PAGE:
Ancestor Narratives: Andy Anderson, Texas

ANDY ANDERSON, 94, was born a slave of Jack Haley, who owned a plantation in Williamson Co., Texas. During the Civil War, Andy was sold to W.T. House, of Blanco County, who in less than a year sold Andy to his brother, John House. Andy now lives with his third wife and eight of his children at 301 Armour St., Fort Worth, Texas.

“My name am Andy J. Anderson, and I’s born on Massa Jack Haley’s plantation in Williamson County, Texas, and Massa Haley owned my folks and ’bout twelve other families of niggers. I’s born in 1843 and that makes me 94 year old and 18 year when de war starts. I’s had ‘speriences durin’ dat time.

“Massa Haley am kind to his cullud folks, and him am kind to everybody, and all de folks likes him. De other white folks called we’uns de petted niggers. There am ’bout 30 old and young niggers and ’bout 20 piccaninnies too little to work, and de nuss cares for dem while dey mammies works.

“I’s gwine ‘splain how it am managed on Massa Haley’s plantation. It am sort of like de small town, ’cause everything we uses am made right there. There am de shoemaker and he is de tanner and make de leather from de hides. Den massa has ’bout a thousand sheep and he gits de wool, and de niggers cards and spins and weaves it, and dat makes all de clothes. Den massa have cattle and sich purvide de milk and de butter and beef meat for eatin’. Den massa have de turkeys and chickens and de hawgs and de bees. With all that, us never was hongry.

“De plantation am planted in cotton, mostly, with de corn and de wheat a little, ’cause massa don’t need much of dem. He never sell nothin’ but de cotton.[Pg 15]

“De livin’ for de cullud folks am good. De quarters am built from logs like deys all in dem days. De floor am de dirt but we has de benches and what is made on de place. And we has de big fireplace for to cook and we has plenty to cook in dat fireplace, ’cause massa allus ‘lows plenty good rations, but he watch close for de wastin’ of de food.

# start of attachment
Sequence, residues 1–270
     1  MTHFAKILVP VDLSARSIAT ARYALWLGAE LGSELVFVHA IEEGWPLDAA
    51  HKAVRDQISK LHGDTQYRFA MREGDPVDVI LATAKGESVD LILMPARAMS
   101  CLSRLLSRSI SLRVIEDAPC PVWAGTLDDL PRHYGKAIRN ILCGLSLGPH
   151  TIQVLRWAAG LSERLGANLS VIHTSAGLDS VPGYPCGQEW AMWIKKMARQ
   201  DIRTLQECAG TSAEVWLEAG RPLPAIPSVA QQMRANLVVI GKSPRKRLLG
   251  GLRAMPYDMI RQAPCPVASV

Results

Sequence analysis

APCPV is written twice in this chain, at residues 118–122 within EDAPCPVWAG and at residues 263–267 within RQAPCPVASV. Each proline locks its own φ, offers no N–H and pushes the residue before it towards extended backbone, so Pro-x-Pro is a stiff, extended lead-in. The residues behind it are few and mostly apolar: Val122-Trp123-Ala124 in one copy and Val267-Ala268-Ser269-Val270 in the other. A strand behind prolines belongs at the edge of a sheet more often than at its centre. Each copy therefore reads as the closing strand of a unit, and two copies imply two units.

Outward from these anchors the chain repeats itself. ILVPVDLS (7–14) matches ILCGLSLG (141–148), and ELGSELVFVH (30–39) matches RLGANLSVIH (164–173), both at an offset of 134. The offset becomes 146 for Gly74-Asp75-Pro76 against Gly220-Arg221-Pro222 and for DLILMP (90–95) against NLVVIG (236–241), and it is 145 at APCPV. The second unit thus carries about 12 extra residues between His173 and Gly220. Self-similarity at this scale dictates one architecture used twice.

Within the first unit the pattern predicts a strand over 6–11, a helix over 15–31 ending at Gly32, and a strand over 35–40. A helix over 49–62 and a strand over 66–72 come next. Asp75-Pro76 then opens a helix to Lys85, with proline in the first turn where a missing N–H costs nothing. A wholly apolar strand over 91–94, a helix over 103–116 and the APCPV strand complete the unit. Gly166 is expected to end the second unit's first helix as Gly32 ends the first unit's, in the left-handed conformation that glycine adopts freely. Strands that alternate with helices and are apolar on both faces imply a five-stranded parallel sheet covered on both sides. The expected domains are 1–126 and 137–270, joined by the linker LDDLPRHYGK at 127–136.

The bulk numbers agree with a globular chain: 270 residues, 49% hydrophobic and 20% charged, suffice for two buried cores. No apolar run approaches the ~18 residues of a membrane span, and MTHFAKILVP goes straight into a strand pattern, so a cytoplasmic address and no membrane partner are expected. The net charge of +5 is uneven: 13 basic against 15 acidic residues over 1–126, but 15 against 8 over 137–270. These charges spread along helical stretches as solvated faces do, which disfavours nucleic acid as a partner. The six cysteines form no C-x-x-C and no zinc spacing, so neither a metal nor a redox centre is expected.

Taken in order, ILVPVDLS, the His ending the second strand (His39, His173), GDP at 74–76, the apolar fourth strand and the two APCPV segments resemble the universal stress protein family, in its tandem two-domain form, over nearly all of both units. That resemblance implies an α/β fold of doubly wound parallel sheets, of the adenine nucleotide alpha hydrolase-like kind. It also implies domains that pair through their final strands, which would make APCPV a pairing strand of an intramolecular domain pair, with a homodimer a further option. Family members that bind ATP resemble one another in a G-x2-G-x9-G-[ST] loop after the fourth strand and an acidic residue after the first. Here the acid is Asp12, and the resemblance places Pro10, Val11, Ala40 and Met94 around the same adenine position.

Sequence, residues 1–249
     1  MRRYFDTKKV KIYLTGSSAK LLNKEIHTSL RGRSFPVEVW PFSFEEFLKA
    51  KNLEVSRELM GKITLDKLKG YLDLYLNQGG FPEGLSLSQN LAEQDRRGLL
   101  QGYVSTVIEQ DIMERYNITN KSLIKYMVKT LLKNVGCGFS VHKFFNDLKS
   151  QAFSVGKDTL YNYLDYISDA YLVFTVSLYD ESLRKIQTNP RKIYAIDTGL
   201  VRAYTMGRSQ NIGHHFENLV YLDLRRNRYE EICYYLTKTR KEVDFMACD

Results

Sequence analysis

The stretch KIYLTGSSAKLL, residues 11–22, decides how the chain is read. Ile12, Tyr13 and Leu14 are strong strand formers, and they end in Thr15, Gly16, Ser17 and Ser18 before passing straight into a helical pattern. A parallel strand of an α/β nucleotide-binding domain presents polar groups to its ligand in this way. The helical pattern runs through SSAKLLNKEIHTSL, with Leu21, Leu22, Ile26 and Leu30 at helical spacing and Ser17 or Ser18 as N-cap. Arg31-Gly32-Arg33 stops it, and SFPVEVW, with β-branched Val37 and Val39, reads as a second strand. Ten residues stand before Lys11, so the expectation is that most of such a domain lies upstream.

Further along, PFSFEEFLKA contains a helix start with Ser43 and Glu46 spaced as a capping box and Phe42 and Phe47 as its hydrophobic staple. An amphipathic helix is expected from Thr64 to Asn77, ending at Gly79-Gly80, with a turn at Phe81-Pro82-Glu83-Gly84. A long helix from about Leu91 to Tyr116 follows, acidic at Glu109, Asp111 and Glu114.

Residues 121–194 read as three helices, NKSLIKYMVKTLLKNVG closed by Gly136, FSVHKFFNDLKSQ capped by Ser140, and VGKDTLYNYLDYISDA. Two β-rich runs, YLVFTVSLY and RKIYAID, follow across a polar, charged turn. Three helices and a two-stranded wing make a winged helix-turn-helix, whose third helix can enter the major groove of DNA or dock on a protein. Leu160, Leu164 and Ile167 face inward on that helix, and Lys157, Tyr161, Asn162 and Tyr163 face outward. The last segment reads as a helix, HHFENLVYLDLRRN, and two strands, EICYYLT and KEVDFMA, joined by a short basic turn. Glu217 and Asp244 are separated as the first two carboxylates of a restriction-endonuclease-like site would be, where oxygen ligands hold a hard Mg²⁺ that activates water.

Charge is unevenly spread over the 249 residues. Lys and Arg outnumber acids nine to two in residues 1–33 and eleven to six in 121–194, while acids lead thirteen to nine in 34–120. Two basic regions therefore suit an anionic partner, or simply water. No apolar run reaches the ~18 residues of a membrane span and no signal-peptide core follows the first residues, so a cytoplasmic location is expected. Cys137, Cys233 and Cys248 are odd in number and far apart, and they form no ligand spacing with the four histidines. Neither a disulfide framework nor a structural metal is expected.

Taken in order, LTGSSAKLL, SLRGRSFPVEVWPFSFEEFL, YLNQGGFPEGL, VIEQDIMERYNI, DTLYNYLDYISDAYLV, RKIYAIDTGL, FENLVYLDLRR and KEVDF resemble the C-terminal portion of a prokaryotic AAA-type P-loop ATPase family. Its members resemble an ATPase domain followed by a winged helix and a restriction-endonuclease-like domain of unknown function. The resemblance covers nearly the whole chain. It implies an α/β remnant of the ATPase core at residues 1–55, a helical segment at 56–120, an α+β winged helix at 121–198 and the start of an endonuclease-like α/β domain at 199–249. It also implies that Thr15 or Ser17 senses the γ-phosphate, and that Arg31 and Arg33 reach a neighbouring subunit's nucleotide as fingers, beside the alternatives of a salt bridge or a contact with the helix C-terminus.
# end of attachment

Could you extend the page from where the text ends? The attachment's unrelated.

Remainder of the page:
“De war breaks and dat make de big change on de massas place. He jines de army and hires a man call’ Delbridge for overseer. After dat, de hell start to pop, ’cause de first thing Delbridge do is cut de rations. He weighs out de meat, three pound for de week, and he measure a peck of meal. And ‘twarn’t enough. He half starve us niggers and he want mo’ work and he start de whippin’s. I guesses he starts to edumacate ’em. I guess dat Delbridge go to hell when he died, but I don’t see how de debbil could stand him.

“We’uns am not use’ to sich and some runs off. When dey am cotched there am a whippin’ at de stake. But dat Delbridge, he sold me to Massa House, in Blanco County. I’s sho’ glad when I’s sold, but it am short gladness, ’cause here am another man what hell am too good for. He gives me de whippin’ and de scars am still on my arms and my back, too. I’ll carry dem to my grave. He sends me for firewood and when I gits it loaded, de wheel hits a stump and de team jerks and dat breaks de whippletree. So he ties me to de stake and every half hour for four hours, dey lays ta lashes on my back. For de first couple hours de pain am awful. I’s never forgot it. Den I’s stood so much pain I not feel so much and when dey takes me loose, I’s jus’ ’bout half dead. I lays in de bunk two days, gittin’ over dat whippin’, gittin’ over it in de body but not de heart. No, suh, I has dat in de heart till dis day.[Pg 16]